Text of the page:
Hisham takes us to a place to buy peanuts, almonds and fresh dates. We also visit a pharmacy with natural remedies. “You can tell what you have wrong and they will give you what you need”. He starts to pick up the jars and I know enough French to see this is for sexual problems in men. He reads the Arabic and then says….”so this is of you are a man and you have a problem….with….Ummmm….he points to his belly and twirling his hand around looks at us both and says “and that” and quickly puts it down and picks up the next, and this is for headaches and thus us for….”
Next he takes us to the hamman. “You can only go certain times he says. If the flag is up it is only for the womans, and if it is not up then it is for the mans. So you check the flag first before you go in he smiles. Or there is some big trouble!” As we pass a doorway he points in to show us how the water is heated for the baths.
It is fuelled from a huge stack of wood which you climb down to refill the fire. Just leaning in to take the photo it feels like hell and that is hot water coming out of that pipe.
Now I will take you somewhere to learn about the area of Rissani because actually it is very old. The first Moroccan King came from here and his tomb is here. We visit the mosque and hear an elder reading Koran to children and then we go to meet another guy. At first I think it is a museum but quickly figure it’s not. About the time he calls me sister actually. And says “if you buy its ok and if you don’t it’s ok. Big welcome. A thousand welcomes because actually we are family. Yes. We are! Then he whips a rug out and it’s on the floor for my approval before you can blink and then he calls his assistant and they start to peel off one after the other. Please stop I say I’m not going to buy. No you don’t have to but if you did want one which one. Flipping heck. I’m not sure I can go through this again. I’m waiting for Gilbert who is looking at rings before I say we are leaving and Gilbert brings a ring back and suddenly the teapot and the two necklaces I have admired are waiting to be wrapped.
“1400dh”, he says with a smile. That’s about $200nz. “And this is negotiable” he adds as he leans back satisfied that we are going to make a deal. “No, I say, I cannot pay that”. Gilbert meanwhile opens his wallet and counts aloud that he has 500 DH and asks me how much I have. “I have nothing” I reply lying. “What, I thought you had some!”, Gilbert looks at me quizzically. “Nope. I have none”, I assure him with the message ‘shut up’ hopefully being transmitted. I stand. “Just the ring for him, I say, How much for that?” Well to cut a long story short we get the two necklaces and the ring for 500dh. I kept taking things off the table and he kept putting them back. “You are worse than a Berber” he mutters as he wraps it up in newspaper. He smiled as we left but didn’t call me sister anymore and I never heard a thousand welcomes again either. I walk quickly from the shop doorway fairly certain the message that I am worse than a Berber wife is being transmitted to the group of men sitting outside the door. Goodbye I nod and smile as we turn to meet our guide who greets us as if we are cousins. He’s possibly getting a cut from this and is hoping it has been a good transaction.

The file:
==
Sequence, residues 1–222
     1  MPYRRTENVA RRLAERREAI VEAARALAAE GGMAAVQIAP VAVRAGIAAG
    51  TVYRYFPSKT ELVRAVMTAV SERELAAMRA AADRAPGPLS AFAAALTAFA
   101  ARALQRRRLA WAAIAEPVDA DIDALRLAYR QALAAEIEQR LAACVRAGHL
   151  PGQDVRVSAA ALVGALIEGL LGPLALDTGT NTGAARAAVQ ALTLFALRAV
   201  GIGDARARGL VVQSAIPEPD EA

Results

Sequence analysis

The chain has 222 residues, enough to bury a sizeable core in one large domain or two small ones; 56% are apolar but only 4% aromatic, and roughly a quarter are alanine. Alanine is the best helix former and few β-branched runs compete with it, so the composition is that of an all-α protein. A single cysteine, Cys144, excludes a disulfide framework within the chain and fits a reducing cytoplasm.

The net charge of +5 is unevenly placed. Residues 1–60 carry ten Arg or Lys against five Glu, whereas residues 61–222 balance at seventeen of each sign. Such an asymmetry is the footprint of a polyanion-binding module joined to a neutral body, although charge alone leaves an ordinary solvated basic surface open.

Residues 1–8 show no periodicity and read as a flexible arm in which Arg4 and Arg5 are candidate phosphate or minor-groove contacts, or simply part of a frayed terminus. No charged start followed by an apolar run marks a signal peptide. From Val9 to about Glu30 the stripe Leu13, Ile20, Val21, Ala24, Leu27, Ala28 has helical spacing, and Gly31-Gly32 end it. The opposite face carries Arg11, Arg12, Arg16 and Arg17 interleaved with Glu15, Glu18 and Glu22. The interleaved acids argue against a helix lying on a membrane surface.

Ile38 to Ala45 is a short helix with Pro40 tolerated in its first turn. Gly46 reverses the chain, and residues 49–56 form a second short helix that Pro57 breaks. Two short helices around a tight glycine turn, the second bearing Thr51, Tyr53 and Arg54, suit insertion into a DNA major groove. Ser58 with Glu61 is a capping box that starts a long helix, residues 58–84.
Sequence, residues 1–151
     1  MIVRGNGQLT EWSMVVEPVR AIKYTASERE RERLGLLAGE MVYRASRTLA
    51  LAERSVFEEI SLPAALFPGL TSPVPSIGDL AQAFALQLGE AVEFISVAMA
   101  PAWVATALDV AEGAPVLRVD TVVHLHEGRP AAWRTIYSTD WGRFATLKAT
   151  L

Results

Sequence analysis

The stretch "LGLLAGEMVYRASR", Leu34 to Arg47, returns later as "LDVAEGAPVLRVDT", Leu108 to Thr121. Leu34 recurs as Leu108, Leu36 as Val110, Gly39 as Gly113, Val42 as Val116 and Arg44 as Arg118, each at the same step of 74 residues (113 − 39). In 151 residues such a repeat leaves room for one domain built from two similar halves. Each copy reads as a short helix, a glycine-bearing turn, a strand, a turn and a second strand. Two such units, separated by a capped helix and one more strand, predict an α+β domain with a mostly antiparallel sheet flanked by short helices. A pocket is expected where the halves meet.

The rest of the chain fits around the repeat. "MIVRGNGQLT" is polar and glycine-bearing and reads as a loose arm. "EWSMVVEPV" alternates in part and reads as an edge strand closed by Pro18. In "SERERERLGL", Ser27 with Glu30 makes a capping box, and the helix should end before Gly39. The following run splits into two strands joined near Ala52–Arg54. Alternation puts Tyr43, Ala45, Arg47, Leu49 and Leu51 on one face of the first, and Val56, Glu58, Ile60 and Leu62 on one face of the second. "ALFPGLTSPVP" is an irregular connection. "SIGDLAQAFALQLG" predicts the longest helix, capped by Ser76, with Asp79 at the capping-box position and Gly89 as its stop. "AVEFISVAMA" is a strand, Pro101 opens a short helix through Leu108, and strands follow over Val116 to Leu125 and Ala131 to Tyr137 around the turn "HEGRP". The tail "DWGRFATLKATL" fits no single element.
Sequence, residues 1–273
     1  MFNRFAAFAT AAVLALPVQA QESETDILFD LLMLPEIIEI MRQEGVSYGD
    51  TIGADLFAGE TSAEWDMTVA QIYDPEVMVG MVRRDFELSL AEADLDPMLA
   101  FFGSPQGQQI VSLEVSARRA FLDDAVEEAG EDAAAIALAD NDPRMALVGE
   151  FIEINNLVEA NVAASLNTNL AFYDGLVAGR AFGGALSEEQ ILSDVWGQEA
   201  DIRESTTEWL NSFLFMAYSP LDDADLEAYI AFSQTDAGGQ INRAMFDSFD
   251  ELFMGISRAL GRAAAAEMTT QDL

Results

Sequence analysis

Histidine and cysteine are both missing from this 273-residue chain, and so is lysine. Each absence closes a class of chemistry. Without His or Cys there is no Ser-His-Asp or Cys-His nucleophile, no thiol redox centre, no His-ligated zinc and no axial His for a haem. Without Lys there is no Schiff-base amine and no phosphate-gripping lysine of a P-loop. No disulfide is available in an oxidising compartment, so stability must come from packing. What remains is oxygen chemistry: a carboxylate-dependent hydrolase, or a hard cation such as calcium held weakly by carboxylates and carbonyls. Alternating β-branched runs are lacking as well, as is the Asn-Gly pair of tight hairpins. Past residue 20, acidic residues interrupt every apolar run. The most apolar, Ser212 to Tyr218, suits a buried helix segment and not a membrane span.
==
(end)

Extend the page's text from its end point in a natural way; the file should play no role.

We are going to have traditional stuffed bread. I ask for vegetarian for us both and we get minced and curried lamb. It’s delicious but I’m a little over all the games. I just want to go camel riding now…our guide tells us we will meet the car now and we head off to the desert in a cloud of dust.
It’s an uneventful four wheel drive into the desert where we meet Marbarack who offers us tea and tells us we have a few hours to wait so please, take a swim, or rest and have some tea. We go to the pool and I’m desperate for a swim. It’s about 30-32 degrees but I haven’t bought togs so I decide if these no one else there I will swim in my black bra and Gilbert’s shorts but once I have grabbed the towels and am there I find Gilbert already in the water.
It’s funny but they are trying to imitate a five star hotel but don’t quite pull it off. The water has a greenish tinge and the place is dusty and dirty. I look into the water as Gilbert gets out and he tells me “probably don’t open your mouth”. I had stepped in up to my thigh. “Geez mate I’m not getting in that” I say. “It looks like soup”. Gilbert has to agree and gets out and we lie back on the ‘sun loungers’ and start to laugh. “It’s like a comedy show. he says. It’s like when we first went to China. It’s like….well I guess it’s like a country trying to meet the tourist market but don’t quite know how.” The flies are so thick if you don’t have a constant swing going on they are matted on you. You and your bloody camel ride Gilbert looks at me with a grin. “Hey, I reply. ‘A thousand welcomes’….You’re gunna love it my brother.”